July 22, 2014
OSWEGO COUNTY - The Oswego County Health Department reminds people using area beaches this summer to be on the look-out for blue-green algae, a microscopic organism that can pose a health risk to humans and animals when they are exposed to them in large enough quantities.
"Blue-green algae are naturally present in lake and streams, usually in low numbers," said Natalie Roy, associate environmental health sanitarian for the Oswego County Health Department. "They can become very abundant in warm, shallow, undisturbed surface water that receives a lot of sunlight. When this occurs, the algae can form blooms that float on the water surface and discolor the water."
Blue-green algae blooms usually occur during the hottest part of the summer. When water that contains high levels of blue-green algae toxins is swallowed or absorbed through the skin, or when airborne droplets are inhaled, health effects can occur.
"Consuming water that contains high levels of blue-green algal toxins has been associated with effects on the liver and the nervous system in laboratory animals, pets, livestock and people," said Roy. "Livestock and pet deaths have occurred when animals consume very large amounts of accumulated algal scum from along shorelines."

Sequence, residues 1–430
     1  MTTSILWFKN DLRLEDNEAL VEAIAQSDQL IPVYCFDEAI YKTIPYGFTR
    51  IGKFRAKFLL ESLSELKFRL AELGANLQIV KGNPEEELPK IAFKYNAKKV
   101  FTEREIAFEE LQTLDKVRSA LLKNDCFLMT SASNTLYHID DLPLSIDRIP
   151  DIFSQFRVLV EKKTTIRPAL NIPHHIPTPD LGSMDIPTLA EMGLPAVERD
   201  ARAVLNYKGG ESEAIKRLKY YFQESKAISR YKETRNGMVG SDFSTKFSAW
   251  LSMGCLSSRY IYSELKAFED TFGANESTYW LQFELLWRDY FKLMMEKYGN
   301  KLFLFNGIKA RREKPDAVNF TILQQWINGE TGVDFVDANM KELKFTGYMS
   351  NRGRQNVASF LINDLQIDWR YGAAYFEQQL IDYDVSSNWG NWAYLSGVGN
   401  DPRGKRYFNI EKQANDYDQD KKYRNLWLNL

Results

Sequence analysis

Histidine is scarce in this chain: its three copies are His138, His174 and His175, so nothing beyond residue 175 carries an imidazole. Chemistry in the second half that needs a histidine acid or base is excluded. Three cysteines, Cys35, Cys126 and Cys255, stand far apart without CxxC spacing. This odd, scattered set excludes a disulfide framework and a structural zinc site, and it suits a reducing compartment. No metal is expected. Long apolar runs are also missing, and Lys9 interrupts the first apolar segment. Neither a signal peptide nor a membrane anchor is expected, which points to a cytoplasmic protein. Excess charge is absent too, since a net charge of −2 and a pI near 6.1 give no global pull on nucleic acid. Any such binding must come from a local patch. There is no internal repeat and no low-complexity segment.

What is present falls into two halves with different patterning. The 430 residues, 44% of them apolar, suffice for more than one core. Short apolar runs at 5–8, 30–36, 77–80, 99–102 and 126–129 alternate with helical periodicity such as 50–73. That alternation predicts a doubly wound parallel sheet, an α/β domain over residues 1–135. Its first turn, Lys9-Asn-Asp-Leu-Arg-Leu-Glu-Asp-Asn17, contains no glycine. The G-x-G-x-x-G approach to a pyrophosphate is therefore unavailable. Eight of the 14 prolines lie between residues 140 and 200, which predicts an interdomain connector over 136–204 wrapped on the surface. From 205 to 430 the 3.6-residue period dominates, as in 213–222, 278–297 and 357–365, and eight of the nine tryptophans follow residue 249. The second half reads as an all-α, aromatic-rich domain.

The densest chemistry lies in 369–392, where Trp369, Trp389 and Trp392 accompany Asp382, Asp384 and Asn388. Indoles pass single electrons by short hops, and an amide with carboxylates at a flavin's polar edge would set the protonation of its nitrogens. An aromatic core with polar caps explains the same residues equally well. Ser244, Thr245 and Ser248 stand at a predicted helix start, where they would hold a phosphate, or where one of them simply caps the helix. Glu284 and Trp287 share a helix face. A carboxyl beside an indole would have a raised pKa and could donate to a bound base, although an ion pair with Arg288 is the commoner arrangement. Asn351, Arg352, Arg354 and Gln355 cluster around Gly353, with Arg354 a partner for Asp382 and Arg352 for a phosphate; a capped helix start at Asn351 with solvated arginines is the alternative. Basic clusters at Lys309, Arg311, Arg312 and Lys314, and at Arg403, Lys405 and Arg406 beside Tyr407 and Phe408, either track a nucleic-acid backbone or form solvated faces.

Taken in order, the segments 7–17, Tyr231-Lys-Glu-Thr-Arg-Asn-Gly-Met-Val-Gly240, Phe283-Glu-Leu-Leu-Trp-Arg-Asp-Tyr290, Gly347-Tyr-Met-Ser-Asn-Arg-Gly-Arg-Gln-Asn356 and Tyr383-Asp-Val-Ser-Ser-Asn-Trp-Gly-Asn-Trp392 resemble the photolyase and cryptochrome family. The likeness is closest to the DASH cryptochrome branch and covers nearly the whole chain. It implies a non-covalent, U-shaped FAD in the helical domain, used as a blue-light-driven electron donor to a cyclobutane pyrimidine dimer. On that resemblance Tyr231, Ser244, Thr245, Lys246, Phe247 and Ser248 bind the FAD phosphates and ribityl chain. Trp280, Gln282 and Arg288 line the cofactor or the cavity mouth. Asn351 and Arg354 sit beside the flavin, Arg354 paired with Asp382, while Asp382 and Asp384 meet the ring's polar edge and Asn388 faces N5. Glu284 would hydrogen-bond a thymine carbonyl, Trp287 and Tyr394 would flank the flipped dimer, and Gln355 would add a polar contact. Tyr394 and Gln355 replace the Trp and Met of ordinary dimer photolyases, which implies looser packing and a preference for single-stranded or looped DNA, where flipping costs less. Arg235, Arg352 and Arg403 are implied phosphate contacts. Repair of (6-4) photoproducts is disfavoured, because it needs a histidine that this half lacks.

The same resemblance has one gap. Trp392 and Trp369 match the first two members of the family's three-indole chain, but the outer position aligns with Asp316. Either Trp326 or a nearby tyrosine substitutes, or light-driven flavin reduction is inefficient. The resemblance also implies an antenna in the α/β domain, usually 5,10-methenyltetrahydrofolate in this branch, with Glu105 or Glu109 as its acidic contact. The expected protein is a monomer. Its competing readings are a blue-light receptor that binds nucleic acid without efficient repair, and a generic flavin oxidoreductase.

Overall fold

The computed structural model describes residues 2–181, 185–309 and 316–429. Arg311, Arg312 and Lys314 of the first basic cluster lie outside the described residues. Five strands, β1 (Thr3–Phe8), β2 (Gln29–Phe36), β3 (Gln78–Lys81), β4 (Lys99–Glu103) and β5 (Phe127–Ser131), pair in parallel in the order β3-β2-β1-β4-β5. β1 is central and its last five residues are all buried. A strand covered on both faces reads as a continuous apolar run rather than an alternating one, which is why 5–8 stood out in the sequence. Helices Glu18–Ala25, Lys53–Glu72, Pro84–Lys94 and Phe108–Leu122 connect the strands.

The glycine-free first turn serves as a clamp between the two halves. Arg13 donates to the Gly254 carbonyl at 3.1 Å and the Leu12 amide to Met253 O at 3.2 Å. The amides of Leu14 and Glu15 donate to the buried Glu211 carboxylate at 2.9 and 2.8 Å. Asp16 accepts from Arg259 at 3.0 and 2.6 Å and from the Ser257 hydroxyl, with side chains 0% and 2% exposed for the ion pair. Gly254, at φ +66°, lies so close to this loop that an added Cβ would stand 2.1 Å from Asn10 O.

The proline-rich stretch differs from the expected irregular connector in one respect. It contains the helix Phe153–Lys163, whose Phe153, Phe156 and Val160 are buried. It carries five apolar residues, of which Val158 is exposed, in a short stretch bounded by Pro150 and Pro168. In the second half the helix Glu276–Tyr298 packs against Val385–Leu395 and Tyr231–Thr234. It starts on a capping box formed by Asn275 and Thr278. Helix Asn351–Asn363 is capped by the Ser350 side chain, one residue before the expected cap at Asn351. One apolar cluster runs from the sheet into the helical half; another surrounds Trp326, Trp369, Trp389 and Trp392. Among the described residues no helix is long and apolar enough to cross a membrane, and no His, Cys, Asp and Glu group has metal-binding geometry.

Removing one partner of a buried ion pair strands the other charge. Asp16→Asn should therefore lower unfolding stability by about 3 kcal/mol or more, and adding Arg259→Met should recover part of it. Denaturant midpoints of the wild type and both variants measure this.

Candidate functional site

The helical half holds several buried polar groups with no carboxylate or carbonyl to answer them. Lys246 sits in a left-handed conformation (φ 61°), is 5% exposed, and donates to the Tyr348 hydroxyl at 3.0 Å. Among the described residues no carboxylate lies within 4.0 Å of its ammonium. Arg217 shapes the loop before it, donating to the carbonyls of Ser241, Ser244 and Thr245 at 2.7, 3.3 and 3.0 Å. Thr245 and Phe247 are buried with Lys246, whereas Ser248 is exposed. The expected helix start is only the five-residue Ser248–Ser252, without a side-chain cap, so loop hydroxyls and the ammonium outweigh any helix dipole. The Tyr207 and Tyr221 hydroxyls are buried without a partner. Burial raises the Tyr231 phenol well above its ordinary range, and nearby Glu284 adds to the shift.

Blue-green algae blooms may be present in water that is visibly discolored in shades of green, blue-green, yellow, brown or red, or water that has surface scums. Water affected by blue-green algae blooms often is so strongly colored that it can develop a paint-like appearance. Unpleasant tastes or odors are not reliable indicators.
The Oswego County Health Department's Environmental Division monitors public swimming beaches and investigates reports of suspected blue-green algae at public beaches. Anyone who suspects blue-green algae in a public swimming area should call the health department weekdays at 315-349-3557.
Jiancheng Huang, Public Health Director, recommends people take these steps to avoid exposure to blue-green algae:
For more information about blue-green algae and its health effects, visit www.health.ny.gov.
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